It looks like you're using an Ad Blocker.
Please white-list or disable AboveTopSecret.com in your ad-blocking tool.
Some features of ATS will be disabled while you continue to use an ad-blocker.
(visit the link for the full news article)
High quality global journalism requires investment. Please share this article with others using the link below, do not cut & paste the article. See our Ts&Cs and Copyright Policy for more detail. Email firstname.lastname@example.org to buy additional rights. www.ft.com...
A member of Saudi Arabia’s ruling royal family has become a significant shareholder in Twitter, one of the online tools used by protesters who staged the “Arab Spring” uprisings this year.
Twitter and Facebook have at times been used by activists inside Saudi Arabia to support campaigns there. A Saudi law that came into effect in February – just after the start of the Arab awakening – expanded state control so that online news and commentary websites could be fined or blocked if deemed to be offensive, compromising the nation’s economy or security, or violating Islamic sharia law. Some activists have also been detained over their posts on the web.
CAIRO — The Saudi billionaire whose investment firm is one of the biggest stakeholders in Rupert Murdoch's News Corp. said he is looking to expand his alliances with the media giant, in the latest indication that his appetite for growth remains robust even as his company retrenches.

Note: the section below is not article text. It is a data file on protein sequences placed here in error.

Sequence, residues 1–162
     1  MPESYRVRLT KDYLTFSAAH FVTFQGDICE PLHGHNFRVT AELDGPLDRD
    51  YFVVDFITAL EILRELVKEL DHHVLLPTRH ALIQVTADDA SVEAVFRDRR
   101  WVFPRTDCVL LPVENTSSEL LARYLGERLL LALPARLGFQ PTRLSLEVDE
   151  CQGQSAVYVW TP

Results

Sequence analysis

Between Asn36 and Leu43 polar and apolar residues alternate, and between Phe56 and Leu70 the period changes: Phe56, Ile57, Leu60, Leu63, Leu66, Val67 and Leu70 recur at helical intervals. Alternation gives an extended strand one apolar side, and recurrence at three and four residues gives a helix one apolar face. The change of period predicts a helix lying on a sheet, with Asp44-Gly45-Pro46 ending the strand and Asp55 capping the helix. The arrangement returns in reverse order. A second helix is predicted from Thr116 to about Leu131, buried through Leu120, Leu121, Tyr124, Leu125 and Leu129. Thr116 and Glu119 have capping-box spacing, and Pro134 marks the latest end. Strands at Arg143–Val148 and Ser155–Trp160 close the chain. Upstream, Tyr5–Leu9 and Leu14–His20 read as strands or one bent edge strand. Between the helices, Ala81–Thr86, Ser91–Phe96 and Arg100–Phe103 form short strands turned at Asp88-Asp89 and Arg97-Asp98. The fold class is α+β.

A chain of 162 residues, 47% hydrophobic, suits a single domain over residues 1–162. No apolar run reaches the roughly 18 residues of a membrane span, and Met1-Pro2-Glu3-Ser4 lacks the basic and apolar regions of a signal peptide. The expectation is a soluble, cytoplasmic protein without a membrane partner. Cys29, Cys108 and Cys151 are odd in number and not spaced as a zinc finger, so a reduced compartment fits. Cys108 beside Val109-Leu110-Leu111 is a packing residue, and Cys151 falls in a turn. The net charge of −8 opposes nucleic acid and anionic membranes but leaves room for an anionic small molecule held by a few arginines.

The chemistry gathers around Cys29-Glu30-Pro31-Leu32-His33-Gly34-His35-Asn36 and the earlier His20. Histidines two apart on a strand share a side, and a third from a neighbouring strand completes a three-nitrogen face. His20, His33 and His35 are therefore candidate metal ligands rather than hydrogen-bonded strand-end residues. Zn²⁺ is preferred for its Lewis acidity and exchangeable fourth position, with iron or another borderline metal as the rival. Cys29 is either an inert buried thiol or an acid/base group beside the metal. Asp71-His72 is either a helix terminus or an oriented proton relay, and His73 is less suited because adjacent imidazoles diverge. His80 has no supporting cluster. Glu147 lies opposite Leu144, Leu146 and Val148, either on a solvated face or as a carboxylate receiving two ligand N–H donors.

Prince Alwaleed bin Talal, a nephew of the Saudi king and who was listed last year by Forbes as the world's 22nd richest person, met with News Corp.'s chief executive Rupert Murdoch on Jan. 14 in a meeting that "touched upon future potential alliances with News Corp.," according to a statement released by his Kingdom Holding Co. late Saturday.
Media reports have indicated that News Corp, parent to Fox News and Dow Jones & Co., among others, may be thinking of buying a stake in Alwaleed's Rotana Media Group, which includes a number of satellite channels that air in the Middle East.
Neither company has commented publicly on the possible deal, but the talks offer an indication yet that such an agreement may yet be in the offing.
The Saudi royal also met last week with Citigroup's chief executive Vikram Pandit, according to a statement by Kingdom Holding e-mailed Sunday.
Alwaleed told Pandit that the "honeymoon is now over," a clear indication that one of the banking giant's largest investors wants solid results this year, according to a transcript of an interview that aired Thursday on Fox Business News.
"I told him that clearly the market gave you two years leeway, but I think now it's time to deliver," Alwaleed said. "And 2010 is really for him is year to make it or break it, and he has to deliver. "
Alwaleed raised his stake in Citigroup to 5 percent in late 2008 from less than 4 percent in a move that came as the company was facing a possible collapse. Kingdom Holding says Alwaleed is the single largest shareholder in Citigroup.